Scott Brison speaks candidly about sexuality, fear and finding himself

Scott Brison speaks candidly about sexuality, fear and finding himself

Scott Brison spent years wrestling with his sexuality and what it would mean for his future. In his teen years, the Nova Scotia MP for Kings-Hants and president of the Treasury Board said he was borderline suicidal as he tried to be anything but gay.

Even after accepting his sexual orientation and pursuing his career in politics, Brison delayed coming out publicly for a few years, thinking it wasn't necessary because his friends and family knew. But eventually he decided he needed to officially come out as gay to inspire others. Now Brison is Canada's first openly gay cabinet minister.

This is Scott Briston's story in his own words — from an interview he did with Portia Clark, host of CBC's Information Morning. It has been edited for length and clarity.     

Did people around you know you were gay when you were growing up? 

No. I didn't actually know it myself and I struggled with it as a teenager. So I don't think people knew. It would be hard for them to know when I was really struggling with it into my 20s. It was very difficult.

So did you have girlfriends? Did you sort of explore the other side before discovering yourself?        

Yes, yes, absolutely. When I was growing up I would have done just about anything to not be gay. It was really tough and I remember in my teens and even in my early 20s, struggling with it to an extent I would say in my early 20s I had times when I was borderline suicidal around this. I would have done anything to escape that. I thought that everything that I associated with my life and my future would not happen because of my sexual orientation. It was a very tough time.

I'm so proud of my country in so many ways and I feel so lucky to be a Canadian and also to be part of a very lucky generation. So much has happened in such a short period of time. I pinch myself sometimes thinking about it. 

I watched the first Halifax Pride Parade in 1988 and that was a time that I was not out. I was at university at Dalhousie struggling with this. And I watched the parade and there were only about 70 or 80 people in it and a good number of them wore paper bags over their heads with the eyes cut out so that they could see.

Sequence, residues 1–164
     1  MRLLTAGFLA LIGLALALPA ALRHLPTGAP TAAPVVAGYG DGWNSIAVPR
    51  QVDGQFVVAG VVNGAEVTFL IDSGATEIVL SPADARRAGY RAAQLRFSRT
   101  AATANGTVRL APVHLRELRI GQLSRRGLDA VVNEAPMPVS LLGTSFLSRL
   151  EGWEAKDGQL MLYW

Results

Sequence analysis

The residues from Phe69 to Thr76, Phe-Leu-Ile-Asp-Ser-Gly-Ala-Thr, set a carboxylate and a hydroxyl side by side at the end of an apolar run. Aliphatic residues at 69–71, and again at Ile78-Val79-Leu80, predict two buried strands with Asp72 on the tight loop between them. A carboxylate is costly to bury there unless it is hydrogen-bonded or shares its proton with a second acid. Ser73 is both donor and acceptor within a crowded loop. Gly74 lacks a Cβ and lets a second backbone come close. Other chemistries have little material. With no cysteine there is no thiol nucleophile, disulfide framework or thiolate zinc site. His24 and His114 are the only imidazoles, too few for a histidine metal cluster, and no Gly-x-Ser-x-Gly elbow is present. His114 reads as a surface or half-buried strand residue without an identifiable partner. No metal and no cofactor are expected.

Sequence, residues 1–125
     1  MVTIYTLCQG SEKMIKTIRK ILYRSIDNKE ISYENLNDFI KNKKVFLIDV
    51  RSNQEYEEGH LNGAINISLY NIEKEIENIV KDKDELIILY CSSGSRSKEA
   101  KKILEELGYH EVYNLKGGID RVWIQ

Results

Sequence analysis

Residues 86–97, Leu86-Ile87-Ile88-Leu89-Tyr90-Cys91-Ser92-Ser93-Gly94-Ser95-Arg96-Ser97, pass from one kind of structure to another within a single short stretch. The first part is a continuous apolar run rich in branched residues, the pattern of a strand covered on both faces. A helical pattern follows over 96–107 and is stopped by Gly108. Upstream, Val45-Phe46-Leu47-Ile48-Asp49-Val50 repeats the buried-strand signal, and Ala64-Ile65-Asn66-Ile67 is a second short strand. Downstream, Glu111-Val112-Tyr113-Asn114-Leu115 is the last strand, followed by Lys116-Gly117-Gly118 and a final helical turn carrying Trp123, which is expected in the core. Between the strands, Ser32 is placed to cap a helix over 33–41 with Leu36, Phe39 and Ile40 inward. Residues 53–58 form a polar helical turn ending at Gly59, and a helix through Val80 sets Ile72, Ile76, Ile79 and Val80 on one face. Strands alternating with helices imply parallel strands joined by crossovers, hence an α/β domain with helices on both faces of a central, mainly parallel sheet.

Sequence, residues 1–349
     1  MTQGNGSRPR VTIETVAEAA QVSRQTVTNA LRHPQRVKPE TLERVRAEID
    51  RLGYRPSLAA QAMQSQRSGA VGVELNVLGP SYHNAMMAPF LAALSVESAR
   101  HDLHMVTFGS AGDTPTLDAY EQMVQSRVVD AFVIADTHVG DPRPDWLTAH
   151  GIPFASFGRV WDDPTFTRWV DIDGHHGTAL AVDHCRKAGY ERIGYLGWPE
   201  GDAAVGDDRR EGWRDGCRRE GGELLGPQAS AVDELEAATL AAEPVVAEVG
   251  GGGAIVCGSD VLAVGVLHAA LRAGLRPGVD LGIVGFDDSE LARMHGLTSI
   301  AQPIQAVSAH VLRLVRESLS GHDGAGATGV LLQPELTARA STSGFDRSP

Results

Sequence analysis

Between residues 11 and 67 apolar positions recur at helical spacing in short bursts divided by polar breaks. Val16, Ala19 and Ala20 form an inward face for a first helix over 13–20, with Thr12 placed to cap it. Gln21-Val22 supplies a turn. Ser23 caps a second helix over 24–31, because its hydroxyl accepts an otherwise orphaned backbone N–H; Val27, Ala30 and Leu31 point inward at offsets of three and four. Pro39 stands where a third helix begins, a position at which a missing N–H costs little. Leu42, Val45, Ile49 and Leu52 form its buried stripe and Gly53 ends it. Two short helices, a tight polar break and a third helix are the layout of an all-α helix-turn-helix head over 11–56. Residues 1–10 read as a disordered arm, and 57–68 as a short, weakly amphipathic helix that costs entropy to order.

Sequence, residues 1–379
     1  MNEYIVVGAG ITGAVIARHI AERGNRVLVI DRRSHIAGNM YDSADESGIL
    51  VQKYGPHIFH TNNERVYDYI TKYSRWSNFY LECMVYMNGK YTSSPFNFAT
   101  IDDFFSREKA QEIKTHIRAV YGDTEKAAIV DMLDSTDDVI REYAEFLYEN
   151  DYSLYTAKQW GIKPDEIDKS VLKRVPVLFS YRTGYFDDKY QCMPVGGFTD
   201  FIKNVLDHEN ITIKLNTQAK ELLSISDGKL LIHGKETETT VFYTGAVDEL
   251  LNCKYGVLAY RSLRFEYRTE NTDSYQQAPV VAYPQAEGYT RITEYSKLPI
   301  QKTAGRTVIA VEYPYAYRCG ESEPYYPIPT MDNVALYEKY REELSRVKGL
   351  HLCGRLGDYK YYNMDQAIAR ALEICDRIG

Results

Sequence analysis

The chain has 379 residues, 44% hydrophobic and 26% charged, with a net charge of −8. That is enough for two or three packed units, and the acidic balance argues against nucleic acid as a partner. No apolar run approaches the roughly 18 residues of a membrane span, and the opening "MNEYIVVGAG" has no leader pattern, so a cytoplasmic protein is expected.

They wanted to make a statement that there was indeed a gay community in Halifax. But they did not feel comfortable in identifying exactly who they were because at that time the fact was that even if you were in the military you could have lost your job.

And for you as a politician, what did you have to wrestle with when you decided to come out when your life is so dependent on public opinion?

Actually by the time I ran in 1997 I had totally embraced my sexual orientation. I didn't come out officially until 2003, but I really never was really in, as it were, because anyone who asked or anyone who knew me knew I was gay. I think my first election, immediately after the nomination I was outed by Frank Magazine, which for all intents and purposes in Nova Scotia politics is pretty much out there.

People didn't talk about it, but I never hid it or anything like that, and for some politicians who are gay they think that is good enough. I guess I didn't realize how important it was to come out officially until I did so in 2003.  

Young people or their parents have come up to me and said, "You don't know what a difference it has made in the life of my child or my son or my daughter." That is something that has been rewarding to me, to think that I can help in the lives of young people who are struggling.

Still, you do operate in a context where many people assume that most people are straight and you have children. Do you get the question about your wife you know, who is your wife? Or the mother of your children? 

It happens quite a bit sometimes in fact.

If I'm in the U.S. meeting with American politicians, it does happen from time to time. I was meeting with a governor recently and he said to me, "I read where you have twins," he said, "I have twin daughters." And I said yes. [He asked] "What does your wife think about all of this political stuff?" I said, "Well my husband met me when I was politician, so it's not a big."

He said, "Husband! Well isn't that great, that's terrific." So the next thing we were talking about he wanted to bring his wife and twin daughters in Nova Scotia some time.

My experience has been when you give people an opportunity to be progressive, almost without exception people will rise to the occasion. People are inherently good. 

Now there are times even today, even after all these years, something will happen from time to time that will hurt you, that will hurt your feelings. Somebody refusing to shake your hand, lawn signs being defaced in an election — including in 2011 the lawn sign on the lot of my parent's home.

My father is 94 now and it hurt me that someone defaced his lawn sign with homophobic graffiti. But that doesn't happen very often and overwhelmingly I feel very lucky. 

But it's a reminder that government matters and politics matters. The Charter of Rights and Freedoms in 1982 was an act of a government that was a game-changer for Canada and a life-changer for me. When I speak to young people I talk to them about government matters and politics matters. Decisions made by politicians can have an amazing effect on your life, for better or for worse.

Brison lives in Cheverie, N.S., on the shores of the Minas Basin with his husband and children.